In my most recent article, we looked at pace bias in 5f handicaps on the all weather, and as promised here is a follow-up looking at the 6f trip, writes Dave Renham.
For regular readers I appreciate the next few lines in some form or other seem to appear in all my pace articles, but for the benefit of new readers I need to clarify the following: when discussing pace the main focus is the initial pace in a race and the position horses take up early on. At www.geegeez.co.uk there is a pace tab within the racecards for each race, and the stats in this article are based on the site’s pace data. These pace data on Geegeez are split into four sections each of which are assigned points – Led (4), Prominent (3), Mid Division (2) and Held Up (1). For all my articles I concentrate on the numerical values to create a plethora of hopefully useful stats.
The minimum distance of five furlongs gives the strongest pace bias on the flat as previous articles have illustrated. However, there is still a bias to pace horses/front runners over an extra furlong, which I will demonstrate in what follows.
The first set of data I wish to share with you is the overall pace perspective for 6f all weather handicaps with six or more runners (the data for this article has been taken from the last 5 years 2014 to 2018):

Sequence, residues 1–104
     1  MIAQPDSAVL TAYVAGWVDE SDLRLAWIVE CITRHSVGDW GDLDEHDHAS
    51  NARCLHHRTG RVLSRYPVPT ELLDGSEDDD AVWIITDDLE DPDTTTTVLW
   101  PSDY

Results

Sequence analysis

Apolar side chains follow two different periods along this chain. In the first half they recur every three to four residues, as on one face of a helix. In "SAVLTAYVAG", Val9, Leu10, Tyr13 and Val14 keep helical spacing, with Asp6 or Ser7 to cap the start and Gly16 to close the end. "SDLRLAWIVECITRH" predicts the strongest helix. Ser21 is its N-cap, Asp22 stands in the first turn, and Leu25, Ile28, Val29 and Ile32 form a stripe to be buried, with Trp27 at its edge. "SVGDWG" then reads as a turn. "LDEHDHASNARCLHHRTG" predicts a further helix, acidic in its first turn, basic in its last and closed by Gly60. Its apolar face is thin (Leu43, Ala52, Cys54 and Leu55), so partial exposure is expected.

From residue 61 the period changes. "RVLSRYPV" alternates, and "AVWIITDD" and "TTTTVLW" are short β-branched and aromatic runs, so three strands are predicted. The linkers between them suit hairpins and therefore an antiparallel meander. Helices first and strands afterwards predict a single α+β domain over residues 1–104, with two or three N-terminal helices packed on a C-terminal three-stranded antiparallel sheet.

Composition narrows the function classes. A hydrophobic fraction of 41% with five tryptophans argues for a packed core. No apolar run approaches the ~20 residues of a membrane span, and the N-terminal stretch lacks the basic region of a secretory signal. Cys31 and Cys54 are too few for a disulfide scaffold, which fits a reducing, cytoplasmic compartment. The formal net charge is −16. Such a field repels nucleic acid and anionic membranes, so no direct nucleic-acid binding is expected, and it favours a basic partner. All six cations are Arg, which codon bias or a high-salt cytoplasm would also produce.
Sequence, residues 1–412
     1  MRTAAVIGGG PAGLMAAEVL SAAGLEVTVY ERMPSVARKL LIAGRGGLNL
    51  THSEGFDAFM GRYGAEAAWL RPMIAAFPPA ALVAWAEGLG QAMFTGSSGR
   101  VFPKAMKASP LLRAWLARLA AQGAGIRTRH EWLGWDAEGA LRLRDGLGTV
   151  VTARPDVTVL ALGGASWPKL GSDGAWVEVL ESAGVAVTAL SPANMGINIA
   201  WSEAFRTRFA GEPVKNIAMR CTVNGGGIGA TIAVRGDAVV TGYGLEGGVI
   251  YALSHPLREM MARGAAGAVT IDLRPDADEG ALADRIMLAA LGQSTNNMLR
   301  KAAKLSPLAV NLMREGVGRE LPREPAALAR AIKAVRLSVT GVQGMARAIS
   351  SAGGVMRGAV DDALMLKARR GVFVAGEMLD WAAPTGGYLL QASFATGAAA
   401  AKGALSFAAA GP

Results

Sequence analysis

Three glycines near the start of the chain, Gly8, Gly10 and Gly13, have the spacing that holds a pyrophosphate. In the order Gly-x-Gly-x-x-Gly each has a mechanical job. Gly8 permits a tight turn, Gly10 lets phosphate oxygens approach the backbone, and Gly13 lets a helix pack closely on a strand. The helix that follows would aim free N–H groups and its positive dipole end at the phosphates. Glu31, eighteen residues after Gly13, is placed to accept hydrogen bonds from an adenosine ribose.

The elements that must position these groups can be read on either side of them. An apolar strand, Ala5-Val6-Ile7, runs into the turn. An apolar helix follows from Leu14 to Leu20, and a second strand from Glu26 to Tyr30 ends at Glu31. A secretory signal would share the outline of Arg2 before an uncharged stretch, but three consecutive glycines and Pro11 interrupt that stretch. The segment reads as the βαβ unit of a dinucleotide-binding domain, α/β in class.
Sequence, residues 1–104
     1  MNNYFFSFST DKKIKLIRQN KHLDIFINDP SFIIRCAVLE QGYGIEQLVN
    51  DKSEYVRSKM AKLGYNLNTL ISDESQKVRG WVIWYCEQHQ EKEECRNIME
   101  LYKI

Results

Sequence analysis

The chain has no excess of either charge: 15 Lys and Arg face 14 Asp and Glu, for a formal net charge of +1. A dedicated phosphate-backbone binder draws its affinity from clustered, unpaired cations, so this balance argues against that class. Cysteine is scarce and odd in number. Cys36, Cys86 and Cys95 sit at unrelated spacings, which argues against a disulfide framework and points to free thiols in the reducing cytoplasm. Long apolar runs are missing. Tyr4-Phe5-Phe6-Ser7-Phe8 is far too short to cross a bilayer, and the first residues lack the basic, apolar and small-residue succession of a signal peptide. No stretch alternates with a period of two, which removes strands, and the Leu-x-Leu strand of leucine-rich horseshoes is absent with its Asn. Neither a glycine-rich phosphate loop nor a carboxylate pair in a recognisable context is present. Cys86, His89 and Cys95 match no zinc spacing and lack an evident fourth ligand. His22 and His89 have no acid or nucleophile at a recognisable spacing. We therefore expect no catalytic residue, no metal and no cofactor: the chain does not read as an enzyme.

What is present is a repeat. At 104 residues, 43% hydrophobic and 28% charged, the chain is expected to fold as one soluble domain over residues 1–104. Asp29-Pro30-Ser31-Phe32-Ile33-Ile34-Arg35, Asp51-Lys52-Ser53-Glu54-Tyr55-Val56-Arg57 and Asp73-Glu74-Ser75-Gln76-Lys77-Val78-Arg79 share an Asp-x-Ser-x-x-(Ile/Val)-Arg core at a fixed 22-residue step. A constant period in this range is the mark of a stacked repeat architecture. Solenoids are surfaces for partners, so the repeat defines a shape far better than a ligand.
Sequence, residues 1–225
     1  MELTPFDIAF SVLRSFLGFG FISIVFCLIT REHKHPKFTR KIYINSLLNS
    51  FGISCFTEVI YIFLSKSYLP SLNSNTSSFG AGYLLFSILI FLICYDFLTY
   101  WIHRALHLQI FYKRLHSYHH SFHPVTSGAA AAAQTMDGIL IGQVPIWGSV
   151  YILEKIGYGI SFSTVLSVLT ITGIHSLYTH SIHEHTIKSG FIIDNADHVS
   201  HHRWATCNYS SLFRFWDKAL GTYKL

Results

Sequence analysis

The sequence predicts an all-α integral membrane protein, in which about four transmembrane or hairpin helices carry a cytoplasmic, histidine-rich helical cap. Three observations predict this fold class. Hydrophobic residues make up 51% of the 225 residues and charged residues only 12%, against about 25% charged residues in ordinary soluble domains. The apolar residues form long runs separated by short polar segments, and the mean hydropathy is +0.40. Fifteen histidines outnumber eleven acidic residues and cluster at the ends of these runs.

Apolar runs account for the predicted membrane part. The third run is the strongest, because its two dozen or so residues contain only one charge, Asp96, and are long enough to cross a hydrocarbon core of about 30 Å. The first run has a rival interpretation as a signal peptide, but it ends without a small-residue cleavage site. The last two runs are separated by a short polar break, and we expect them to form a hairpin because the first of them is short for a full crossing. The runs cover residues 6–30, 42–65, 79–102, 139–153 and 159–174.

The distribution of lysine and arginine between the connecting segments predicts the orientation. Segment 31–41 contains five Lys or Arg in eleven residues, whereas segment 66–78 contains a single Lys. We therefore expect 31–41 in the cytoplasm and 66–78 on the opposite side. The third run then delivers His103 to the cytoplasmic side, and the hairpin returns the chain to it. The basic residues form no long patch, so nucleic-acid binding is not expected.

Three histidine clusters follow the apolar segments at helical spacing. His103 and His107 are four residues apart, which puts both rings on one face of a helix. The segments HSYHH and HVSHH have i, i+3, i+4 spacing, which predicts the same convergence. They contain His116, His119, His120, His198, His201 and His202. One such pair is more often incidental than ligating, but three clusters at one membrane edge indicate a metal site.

|Mid Division (2)||155||2003||7.7||0.79|
|Held Up (1)||357||4886||7.3||0.72|
These stats give front runners a solid edge – it is not as strong as over 5f but it is still significant. Just for comparison purposes let us look at the strike rates (SR%) and Impact Values (IVs) for 6f and for 5f:
|Mid Division (2)||7.7||6.5||0.79||0.62|
|Held Up (1)||7.3||6.7||0.72||0.61|
Over 6f front runners are still winning 1.75 times more often than average so we still have a decent starting point.
The main data for this article covers all-weather six-furlong handicaps with 6 or more runners. I then split the data into different field sizes – 6 to 8 runners; 9 – 10 runners; 11 or more runners. I did this ‘runner split’ for the 5f all-weather data in the previous article, and over that trip bigger fields produced the strongest front-running bias. As it turns out, this is replicated over 6f too:
6 to 8 runners
|Mid Division (2)||304||27||8.88||0.66|
|Held Up (1)||988||107||10.83||0.79|
9 to 10 runners
|Mid Division (2)||549||43||7.83||0.74|
|Held Up (1)||1477||113||7.65||0.73|
11 or more runners
|Mid Division (2)||1150||85||7.39||0.88|
|Held Up (1)||2421||137||5.66||0.67|
The IV for front runners increases as the number of runners increases. This is somewhat counter-intuitive and is therefore worth bearing in mind.
The article that discussed 5f all weather sprints looked at each course and distance individually. Once again this is the plan here, as different courses have different layouts, and also there are differences between certain track surfaces too. Let's start with Chelmsford and work through alphabetically.
|Mid Division (2)||31||422||7.3||0.71|
|Held Up (1)||44||671||6.6||0.62|
Just over a fifth of the 6f handicap races (SR 20.9%) at Chelmsford have seen the early leader going on to win. This compares with a strike rate of 26.3% over 5f: not quite as strong but with an IV close to 2 the front-running bias is still clear.
It has already been noted that in bigger fields at all of the all-weather courses the front-running bias seems to be more evident. This is certainly the case here: in races of 11 runners or more at Chelmsford, the front runner has prevailed an impressive 21 times from 87 giving a strike rate of 24.1% and an Impact Value of 2.93.